Tuesday, April 29, 2008

"Zonder luisteraar geen muziek" [Part 3]

Today our team finalized an elaborate communication plan to promote music cognition research to a larger audience. It is part of the demands for university research teams that are nominated for the Dutch Academische Jaarprijs (an initiative of NRC Handelsblad in cooperation with NWO, KNAW and Shell; see earlier blog-entries with the same tag).

We will have to defend our plan on June 11th in the Leidse Schouwburg (photo above), when also the winner of the Battle of the Universities 07/08 will be announced. We can't say too much about our plans (it's supposed to be a 'battle' :-) but see below some snippets of the opening and ending of an interactive dvd that accompanies our ambitious plans. We hope the jury will like it.

Saturday, April 19, 2008

Lure(d) into listening?

This weekend there was a Matchmaking meeting event in Paris, organized by HERA —an EU 6th Framework Programme ERA-NET project aiming at strengthening the European voice in the Humanities—, on Cultural Dynamics and the Creative Industry.

The idea our group brought forward was Listen, Lure & Locate: A Project on Music, Internet and Listening Cultures that proposes to investigate older and newer internet technologies that support sharing musical taste and exchange of musical listening experiences.

The proposal (in preparation) aims not only to analyze and explicate these existing listening communities (e.g. Last.fm, YouTube, Pandora) but also to actively experiment with Web 2.0 technologies by designing and constructing virtual listening spaces that will allow participants to share their listening experiences (LISTEN), make other listeners enthusiastic for a certain musical fragment (LURE), and mark a specific location in an actual recording (LOCATE) - a specific point in the music where a particular listener experienced something special or that s/he considers musically striking or intriguing.

The LOCATE-component of the project was inspired by some early work of John Sloboda (Keele University). He found that a large portion of music listeners could locate (in the score or a recording) specific musical passages that reliably evoked, e.g., shivers down the spine, laughter, tears or a lump in the throat (Sloboda, 1991).

At the meeting I asked several people the question mentioned below. Take part in an online poll?

ResearchBlogging.orgSloboda, J.A. (1991). Music Structure and Emotional Response: Some Empirical Findings. Psychology of Music, 19(2), 110-120. DOI: 10.1177/0305735691192002

Sunday, April 13, 2008

Muziek speelt met de luisteraar [Dutch]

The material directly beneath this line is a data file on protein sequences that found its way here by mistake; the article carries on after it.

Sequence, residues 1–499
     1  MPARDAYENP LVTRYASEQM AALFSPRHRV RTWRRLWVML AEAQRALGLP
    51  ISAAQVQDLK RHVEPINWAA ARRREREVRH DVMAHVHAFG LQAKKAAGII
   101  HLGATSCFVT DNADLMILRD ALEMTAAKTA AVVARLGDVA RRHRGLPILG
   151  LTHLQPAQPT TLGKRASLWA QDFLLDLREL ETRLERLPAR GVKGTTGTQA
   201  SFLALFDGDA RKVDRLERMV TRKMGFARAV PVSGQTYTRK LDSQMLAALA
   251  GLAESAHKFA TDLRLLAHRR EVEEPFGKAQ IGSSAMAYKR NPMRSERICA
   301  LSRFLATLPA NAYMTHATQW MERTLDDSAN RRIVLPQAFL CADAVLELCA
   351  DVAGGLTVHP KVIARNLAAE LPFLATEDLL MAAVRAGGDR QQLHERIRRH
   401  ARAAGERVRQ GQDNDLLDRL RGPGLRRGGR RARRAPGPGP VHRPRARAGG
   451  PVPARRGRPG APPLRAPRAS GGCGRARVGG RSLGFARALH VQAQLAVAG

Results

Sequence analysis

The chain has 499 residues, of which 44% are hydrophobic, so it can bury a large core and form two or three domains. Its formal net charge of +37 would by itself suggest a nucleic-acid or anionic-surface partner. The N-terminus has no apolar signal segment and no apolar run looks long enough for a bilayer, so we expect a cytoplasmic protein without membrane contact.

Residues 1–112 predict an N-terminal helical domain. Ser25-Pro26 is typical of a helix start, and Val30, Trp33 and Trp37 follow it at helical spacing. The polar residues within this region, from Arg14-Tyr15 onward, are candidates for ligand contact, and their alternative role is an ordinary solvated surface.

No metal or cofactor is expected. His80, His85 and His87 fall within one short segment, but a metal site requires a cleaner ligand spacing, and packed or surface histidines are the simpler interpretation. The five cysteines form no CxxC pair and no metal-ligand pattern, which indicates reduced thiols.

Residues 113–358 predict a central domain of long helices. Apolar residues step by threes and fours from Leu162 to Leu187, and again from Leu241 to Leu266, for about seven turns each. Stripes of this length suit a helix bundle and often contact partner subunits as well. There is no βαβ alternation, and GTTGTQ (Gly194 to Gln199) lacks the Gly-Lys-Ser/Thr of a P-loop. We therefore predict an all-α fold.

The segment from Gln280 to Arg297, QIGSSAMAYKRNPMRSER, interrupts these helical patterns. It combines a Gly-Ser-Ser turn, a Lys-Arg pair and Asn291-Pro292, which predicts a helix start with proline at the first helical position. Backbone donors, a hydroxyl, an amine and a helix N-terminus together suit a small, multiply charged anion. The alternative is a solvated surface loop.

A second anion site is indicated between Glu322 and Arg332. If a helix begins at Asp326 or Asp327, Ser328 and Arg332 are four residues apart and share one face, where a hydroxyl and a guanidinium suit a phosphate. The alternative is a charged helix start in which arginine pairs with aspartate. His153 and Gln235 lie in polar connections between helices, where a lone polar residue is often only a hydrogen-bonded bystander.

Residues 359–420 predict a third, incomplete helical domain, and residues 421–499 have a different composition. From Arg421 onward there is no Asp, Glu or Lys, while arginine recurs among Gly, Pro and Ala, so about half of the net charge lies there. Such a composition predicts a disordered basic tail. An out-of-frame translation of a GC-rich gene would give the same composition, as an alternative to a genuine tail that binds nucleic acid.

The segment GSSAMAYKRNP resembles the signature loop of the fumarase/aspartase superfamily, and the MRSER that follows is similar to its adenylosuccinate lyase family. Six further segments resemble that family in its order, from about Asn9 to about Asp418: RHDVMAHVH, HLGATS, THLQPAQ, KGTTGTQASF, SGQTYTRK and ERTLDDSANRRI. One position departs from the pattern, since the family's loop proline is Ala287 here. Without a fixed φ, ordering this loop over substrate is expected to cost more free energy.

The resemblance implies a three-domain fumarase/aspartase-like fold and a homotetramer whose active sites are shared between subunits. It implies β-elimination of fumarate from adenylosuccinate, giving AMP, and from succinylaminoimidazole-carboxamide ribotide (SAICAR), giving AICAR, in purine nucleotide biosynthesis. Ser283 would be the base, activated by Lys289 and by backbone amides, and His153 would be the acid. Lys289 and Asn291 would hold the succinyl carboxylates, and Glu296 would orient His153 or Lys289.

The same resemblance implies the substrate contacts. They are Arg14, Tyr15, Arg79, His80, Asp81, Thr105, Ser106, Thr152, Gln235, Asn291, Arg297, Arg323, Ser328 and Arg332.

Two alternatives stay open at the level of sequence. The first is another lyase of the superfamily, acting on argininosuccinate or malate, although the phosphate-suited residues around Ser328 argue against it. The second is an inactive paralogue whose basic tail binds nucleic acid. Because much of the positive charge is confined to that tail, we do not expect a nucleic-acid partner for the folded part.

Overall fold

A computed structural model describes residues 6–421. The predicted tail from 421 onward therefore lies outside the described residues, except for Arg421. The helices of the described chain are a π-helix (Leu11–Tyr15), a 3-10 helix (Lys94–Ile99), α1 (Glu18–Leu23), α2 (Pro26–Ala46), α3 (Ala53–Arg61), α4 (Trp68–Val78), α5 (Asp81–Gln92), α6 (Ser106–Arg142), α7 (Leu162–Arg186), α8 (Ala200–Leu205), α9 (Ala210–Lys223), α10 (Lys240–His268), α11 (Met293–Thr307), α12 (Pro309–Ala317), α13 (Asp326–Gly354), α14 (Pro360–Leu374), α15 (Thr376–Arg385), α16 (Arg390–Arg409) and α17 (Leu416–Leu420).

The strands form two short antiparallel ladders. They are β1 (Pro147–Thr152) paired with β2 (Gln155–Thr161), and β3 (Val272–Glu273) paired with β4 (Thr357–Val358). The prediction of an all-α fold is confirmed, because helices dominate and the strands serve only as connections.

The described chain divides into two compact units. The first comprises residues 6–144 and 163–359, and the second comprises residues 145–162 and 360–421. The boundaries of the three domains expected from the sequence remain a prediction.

This week a video that was directed by Bob van Gijzel (AVC/UvA) as part of a series of short films with the title De Fascinatie: Scholars and scientists from the Universiteit van Amsterdam talk about their fascination in research. This one is on music cognition. Below a short fragment (in Dutch):

Click here for the full episode.

Thursday, April 03, 2008

Can newborns make sense of rhythm? (Part 2)

In search of the origins of music perception, our European research consortium (named EmCAP) investigates questions such as whether or not newborns possess the ability to process music. However, while we all intuitively feel that babies like rhythms and melodies, we don’t know how they perceive music. This week the MTAPI team started a first series of experiments to test whether rhythm and meter perception is active in newborn infants.

Our hypothesis is that a rhythmic stimulus (we use a simple drum pattern), when occasionally modified in two distinct metrical positions (a temporal oddball), should be perceived more easily as a deviation if the modification happens in a metrically strong position as compared to one in a weaker metrical position, as such indicating that a metrical expectation is active. These so-called oddballs are expected to elicit the mismatch negativity (MMN) event related brain potential (ERP), a well-known response that is elicited by violations of a detected acoustic regularity.

One of the reasons this particular method was chosen was that it allows us to use the same technique and the same rhythmic stimuli for both adult non-musicians and newborn infants. The preliminary results confirm the hypothesis for adults. Needless to say we are more than curious for what the newborn study will show us. We hope to present the first results at the upcoming Neurosciences and Music conference in Montreal this summer.

Honing, H., Ladinig, O., Winkler, I., Haden, G. (in press) Probing emergent meter perception in adults (and newborns) using event-related brain potentials: a pilot study. Proceedings of the Neurosciences and music III Conference. Montreal: McGill University.